If you can keep a routine, this will likely help enormously in keeping your munchkin in line when it comes to bedtime.

Keep Your Kid Busy During the Day

Kids need a lot of stimulation to exhaust their ever-growing curiosity, and keeping them busy during the day will help wear them out so they’re happy to close their eyes come nighttime. It can be exhausting for any parent to keep an energetic child busy with their endless supply of turbo power. However, doing so will be best in the long run for both of you.

Peaking their stimulation will not only utilize their body’s energy but it will also stimulate their brain and teach them critical skills, like coordination and mobility. Having an excess of energy upon being put to bed could result in significant frustration and fussiness around bedtime, leading to a more difficult daily routine.

As kids go through sleep regressions and these developmental bursts, they’ll likely need a bit more attention than normal. They need to express their feelings, their energy, and be properly exhausted by the time they go to bed. Due to these growth spurts, they may have a larger amount of energy to be expunged, so it’s important they’re getting the proper amount of stimulation to feel truly tired come nightfall.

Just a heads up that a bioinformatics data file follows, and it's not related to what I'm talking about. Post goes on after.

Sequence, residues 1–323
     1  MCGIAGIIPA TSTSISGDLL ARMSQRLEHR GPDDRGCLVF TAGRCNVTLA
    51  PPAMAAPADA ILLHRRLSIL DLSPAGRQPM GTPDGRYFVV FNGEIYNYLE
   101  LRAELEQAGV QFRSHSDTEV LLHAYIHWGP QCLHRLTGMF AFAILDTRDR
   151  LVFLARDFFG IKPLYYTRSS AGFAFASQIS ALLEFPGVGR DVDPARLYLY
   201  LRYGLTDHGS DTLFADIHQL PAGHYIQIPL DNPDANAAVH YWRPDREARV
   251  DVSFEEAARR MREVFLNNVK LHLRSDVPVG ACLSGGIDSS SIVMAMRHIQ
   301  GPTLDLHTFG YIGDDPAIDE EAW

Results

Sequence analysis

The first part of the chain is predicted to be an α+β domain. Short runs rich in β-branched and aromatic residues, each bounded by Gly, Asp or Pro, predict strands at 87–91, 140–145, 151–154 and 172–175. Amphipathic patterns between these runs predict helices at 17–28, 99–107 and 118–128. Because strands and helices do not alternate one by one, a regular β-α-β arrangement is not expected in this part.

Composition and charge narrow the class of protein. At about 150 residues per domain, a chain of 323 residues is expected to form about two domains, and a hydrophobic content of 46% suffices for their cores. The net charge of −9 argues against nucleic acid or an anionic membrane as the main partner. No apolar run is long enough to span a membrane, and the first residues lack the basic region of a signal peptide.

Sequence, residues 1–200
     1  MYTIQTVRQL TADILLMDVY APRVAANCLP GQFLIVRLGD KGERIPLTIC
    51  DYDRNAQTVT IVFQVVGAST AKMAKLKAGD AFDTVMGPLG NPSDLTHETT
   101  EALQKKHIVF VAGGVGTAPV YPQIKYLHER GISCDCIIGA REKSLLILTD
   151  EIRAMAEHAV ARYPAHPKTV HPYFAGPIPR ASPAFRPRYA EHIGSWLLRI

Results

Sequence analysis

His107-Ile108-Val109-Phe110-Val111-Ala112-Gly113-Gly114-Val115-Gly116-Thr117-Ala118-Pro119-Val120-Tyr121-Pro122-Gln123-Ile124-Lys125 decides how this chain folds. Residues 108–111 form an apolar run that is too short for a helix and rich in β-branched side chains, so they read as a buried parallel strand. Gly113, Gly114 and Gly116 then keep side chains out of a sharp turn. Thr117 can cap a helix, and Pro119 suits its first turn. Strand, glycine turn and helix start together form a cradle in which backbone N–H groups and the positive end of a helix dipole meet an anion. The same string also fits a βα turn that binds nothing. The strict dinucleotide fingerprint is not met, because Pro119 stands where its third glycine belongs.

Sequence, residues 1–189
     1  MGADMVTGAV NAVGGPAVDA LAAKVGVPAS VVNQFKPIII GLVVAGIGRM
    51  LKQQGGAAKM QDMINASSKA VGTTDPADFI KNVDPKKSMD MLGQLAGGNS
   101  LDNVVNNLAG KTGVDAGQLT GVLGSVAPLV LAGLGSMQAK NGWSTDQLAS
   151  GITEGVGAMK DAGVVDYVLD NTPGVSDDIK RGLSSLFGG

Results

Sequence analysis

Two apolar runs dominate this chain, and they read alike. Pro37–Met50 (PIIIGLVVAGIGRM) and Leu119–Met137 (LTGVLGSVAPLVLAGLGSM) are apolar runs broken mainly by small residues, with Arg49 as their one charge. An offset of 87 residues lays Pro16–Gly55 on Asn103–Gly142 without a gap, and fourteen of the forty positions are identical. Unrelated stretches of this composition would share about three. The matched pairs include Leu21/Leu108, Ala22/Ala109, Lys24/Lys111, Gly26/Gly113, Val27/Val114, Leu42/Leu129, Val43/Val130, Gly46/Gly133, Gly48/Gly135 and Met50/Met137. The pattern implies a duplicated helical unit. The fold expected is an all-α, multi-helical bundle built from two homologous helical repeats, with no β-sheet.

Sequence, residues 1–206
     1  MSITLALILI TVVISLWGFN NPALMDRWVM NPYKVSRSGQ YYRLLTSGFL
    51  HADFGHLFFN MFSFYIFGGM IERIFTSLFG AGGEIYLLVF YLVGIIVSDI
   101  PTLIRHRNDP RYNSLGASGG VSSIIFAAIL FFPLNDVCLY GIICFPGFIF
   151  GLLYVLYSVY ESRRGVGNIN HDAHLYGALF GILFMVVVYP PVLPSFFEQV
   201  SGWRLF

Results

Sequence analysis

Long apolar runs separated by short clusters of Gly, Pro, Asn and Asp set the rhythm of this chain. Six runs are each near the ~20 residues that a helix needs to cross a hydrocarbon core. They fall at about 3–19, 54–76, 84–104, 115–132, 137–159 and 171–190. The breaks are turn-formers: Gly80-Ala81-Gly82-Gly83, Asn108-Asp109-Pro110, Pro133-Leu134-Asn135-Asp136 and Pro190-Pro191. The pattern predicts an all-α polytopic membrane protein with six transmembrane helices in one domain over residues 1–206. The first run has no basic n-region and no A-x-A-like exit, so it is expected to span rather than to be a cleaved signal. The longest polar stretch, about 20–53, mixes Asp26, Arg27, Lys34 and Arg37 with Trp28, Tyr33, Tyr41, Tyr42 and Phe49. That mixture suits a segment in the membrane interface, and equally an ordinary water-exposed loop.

Support Growth Spurt With Extra Feedings

If your tot is waking in the middle of the night needing to be fed when previously they’ve been able to sleep until morning, they may need a bit more fuel to make it through. These spurts in growth require a significant amount of nutrients, and your tyke may be digesting them faster as a result.

If they’re hungry during the night or quicker than normal, this may be why. Try and sneak in some extra feedings during the day, more snacks, or longer nursing sessions to squeeze in more nutrients. Doing this will allow them to sleep a bit longer during the night and hopefully allow you to get some quality zzz’s as well.

Postpone Weaning from Breastfeeding For Now

As previously discussed, spurts in growth need tremendous support, and one of the main ways is through nutrients. Breastmilk is extraordinarily rich in nutrients, so if you’ve made the decision to breastfeed, it may be best to hold off weaning your babe off, for now, to help them through this developmental push.

Offer Comfort and Support

Oftentimes, when any of us are feeling exhausted, we need a bit more comfort. This is true for babies as well. When our munchkins are tired, they may need more cuddles, and going through a burst in development may feel similar for them, leading to an excessive need for attention and support.

You may notice your little one being a bit more needy than usual, crying out more upon being put down for bed or watching you leave a room. This isn’t unusual, so hang in there.